African Black Soap is also known as Anago soap, Alata Samina and ose dudu, and is produced from secret recipes in West African nations by various tribeswomen. Considered Africa’s best-kept beauty secret for centuries,
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The benefits of African Black Soap are now widely known, prompting women (and men) across the planet to include it in their daily cleansing and beauty rituals.
Our African Black Soap is handmade by the tribeswomen of a fair-trade cooperative village, drying the skins of the Plantain fruit to a precise texture in the hot African sun first. Then the skins are roasted in a clay oven to achieve a particular color, texture and fragrance. The longer they are dried the darker the color of the soap will be. Next the ash of the burnt plantain skins, cocoa pods, leaves, and bark are carefully mixed with water and oils like coconut, shea butter, cocoa butter and palm.
Benefits Of The African Black Soap
African Black soap helps alleviate rashes, eczema, psoriasis, scalp irritations, acne, blemishes, wrinkles and other problems while it softens skin. Although it possesses strong cleansing properties, African Black Soap is gentle on the skin and recommended for infants and the elderly.
Vitamins and Minerals- The use of plantain skin in black soap recipes makes it rich in iron and Vitamin A and Vitamin E. Because black soap is rich in glycerin, it leaves hair clean, healthy and light when used to shampoo.
African Black Soap has many uses; Black Soap has been known to alleviate the symptoms of rashes, eczema, psoriasis, scalp irritations, acne, wrinkles, oily skin and blemishes, while making skin beautiful and soft. Black Soap is also good for bathing, washing hair and removing make-up. Overall, Black Soap is great for leaving the skin soft, supple, clear and smelling pleasant.
What Type Of Skin Should The African soap be used On?
African black soap is considered to be safe and beneficial for all skin types—dry, oily, normal, combination and even sensitive in some cases. For the most part, users of African black soap have found it to be beneficial, even healing to the skin.
But while some find the soap moisturizing, others might find it drying. Skin will react in different ways depending on the individual and the product, especially since black soap can vary from batch to batch and can have varying proportions and types of ingredients.
There are numerous recipes and ingredients used in making black soap, which begins with potash from plantain skins, leaves and cocoa pods, mixed with palm kernel oil. Batches vary, so it’s possible that one batch could be fine for an individual while another has more of a certain ingredient that could possibly cause a reaction in the skin.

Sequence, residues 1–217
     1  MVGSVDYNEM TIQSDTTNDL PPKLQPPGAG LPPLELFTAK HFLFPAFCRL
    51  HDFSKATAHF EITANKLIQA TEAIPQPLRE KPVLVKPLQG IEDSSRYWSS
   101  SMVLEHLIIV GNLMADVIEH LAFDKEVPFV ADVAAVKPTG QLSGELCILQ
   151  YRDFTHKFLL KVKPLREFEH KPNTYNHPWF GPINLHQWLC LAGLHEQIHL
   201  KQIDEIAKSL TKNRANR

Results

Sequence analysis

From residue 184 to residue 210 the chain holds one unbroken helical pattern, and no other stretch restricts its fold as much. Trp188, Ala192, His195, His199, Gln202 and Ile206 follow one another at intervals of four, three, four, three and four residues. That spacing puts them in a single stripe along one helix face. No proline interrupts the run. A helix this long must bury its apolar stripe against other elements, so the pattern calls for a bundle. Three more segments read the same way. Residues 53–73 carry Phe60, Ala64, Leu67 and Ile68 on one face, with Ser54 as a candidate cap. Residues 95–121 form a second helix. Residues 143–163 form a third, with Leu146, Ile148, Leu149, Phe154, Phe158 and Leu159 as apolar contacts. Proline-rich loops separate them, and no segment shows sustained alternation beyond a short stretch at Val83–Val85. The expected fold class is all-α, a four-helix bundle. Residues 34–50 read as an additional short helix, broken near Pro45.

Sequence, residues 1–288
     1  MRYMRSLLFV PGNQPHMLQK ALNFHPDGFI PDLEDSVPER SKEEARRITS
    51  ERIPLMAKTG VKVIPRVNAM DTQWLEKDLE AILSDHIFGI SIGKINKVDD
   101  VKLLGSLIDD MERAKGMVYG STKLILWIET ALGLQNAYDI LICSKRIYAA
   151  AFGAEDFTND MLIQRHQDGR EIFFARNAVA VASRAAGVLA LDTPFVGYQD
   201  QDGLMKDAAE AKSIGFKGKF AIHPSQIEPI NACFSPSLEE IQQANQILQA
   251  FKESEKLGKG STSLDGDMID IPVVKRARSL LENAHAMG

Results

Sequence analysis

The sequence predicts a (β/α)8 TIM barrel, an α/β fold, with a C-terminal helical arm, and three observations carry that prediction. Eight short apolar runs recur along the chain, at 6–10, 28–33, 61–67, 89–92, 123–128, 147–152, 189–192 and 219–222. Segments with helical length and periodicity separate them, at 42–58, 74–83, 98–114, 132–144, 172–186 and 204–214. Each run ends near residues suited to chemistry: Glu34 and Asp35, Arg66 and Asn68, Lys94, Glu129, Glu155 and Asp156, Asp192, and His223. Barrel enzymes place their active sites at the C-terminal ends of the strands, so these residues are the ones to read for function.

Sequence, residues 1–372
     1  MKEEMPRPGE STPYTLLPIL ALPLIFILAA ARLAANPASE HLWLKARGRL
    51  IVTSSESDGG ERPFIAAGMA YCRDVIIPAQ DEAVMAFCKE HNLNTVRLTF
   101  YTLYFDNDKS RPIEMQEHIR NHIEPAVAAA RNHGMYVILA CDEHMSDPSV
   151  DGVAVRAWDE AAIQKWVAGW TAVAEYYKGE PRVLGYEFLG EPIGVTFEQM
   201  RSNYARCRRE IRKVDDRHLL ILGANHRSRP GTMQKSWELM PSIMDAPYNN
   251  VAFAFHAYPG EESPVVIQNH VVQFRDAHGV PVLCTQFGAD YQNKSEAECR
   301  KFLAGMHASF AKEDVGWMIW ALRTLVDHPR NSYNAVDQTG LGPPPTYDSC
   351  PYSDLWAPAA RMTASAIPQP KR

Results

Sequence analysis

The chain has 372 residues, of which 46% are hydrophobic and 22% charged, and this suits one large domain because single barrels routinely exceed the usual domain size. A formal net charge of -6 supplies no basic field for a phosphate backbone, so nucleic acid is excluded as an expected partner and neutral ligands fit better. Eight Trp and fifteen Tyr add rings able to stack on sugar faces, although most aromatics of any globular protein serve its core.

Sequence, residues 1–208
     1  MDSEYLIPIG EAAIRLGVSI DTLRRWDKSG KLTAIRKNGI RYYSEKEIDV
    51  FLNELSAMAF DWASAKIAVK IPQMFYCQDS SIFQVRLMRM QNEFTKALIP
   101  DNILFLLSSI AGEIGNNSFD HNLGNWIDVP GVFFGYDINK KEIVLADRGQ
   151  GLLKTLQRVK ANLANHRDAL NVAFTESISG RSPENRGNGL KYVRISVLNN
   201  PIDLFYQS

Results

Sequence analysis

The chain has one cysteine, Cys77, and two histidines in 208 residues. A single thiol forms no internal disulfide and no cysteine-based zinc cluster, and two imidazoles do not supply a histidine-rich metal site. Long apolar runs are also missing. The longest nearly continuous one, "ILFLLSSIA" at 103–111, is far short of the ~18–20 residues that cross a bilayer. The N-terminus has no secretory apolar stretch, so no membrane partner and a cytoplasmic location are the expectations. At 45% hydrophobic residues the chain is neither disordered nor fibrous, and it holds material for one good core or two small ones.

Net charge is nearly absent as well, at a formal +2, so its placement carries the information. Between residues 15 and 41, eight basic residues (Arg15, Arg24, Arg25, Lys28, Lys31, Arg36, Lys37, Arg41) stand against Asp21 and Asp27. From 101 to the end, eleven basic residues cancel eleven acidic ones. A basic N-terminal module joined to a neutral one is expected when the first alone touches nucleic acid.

Upon first use, even those with oily skin might notice that the skin feels dry and tight. This might last for a week. It’s believed this is caused by the soap drawing out impurities and excess oils. After a few days the PH levels of the skin will balance out (which is why it is believed to be good for both dry and oily skin.)
The soap can also cause a tingling, sometimes burning sensation (especially in open sores) leading to red skin. This also seems to eventually resolve, but before using African black soap on the face, do a patch test on another part of the body, like the inside of the elbow.
For some individuals the raw black soap dries out the skin. Other black soap that includes shea butter, or another moisturizing ingredient in the formula will probably be better for dry skin types. If it’s drying out your skin, try using less. A little goes a long way and using too much soap (of any kind) will definitely be drying to already parched skin. If you have sensitive and/or dry skin start out by using it only once a day.
African black soap is great for oily and acne prone skin. It’s efficient for deep pore cleansing because of its natural exfoliating qualities. For some oily skin types it seems to keep the skin hydrated without increasing oil.
How To Cleans with African Black Soap
If you are using raw African black soap, rub between hands to work into a lather. If you apply the soap directly to the skin, do so gently, because there could still be ash granules and other debris that can tear the skin. Washing and rinsing with cool water can help reduce the possibility of stinging and redness. Avoid getting the soap in the eyes. If you have sensitive or very reactive skin, don’t leave the soap on the skin for a long period of time. You could experience tingling or a burning sensation in acne areas, open sores and cuts.If your skin feels squeaky clean afterwards, it means the skin is too dry. Try reducing the amount of soap that you use. A very small amount (the size of a small marble) can cleanse the face, neck, and then some.
Reactions to African Black Soap
If you break out in a rash or contact dermatitis discontinue use and consult your dermatologist. If you are latex-allergic you could have latex fruit syndrome and could have a reaction the plantain ash in black soap, as well as palm and coconut oil. If you have a chocolate allergy or are sensitive to caffeine, also be aware that there could be a high concentration of cocoa pods (which make the ash) used in the soap.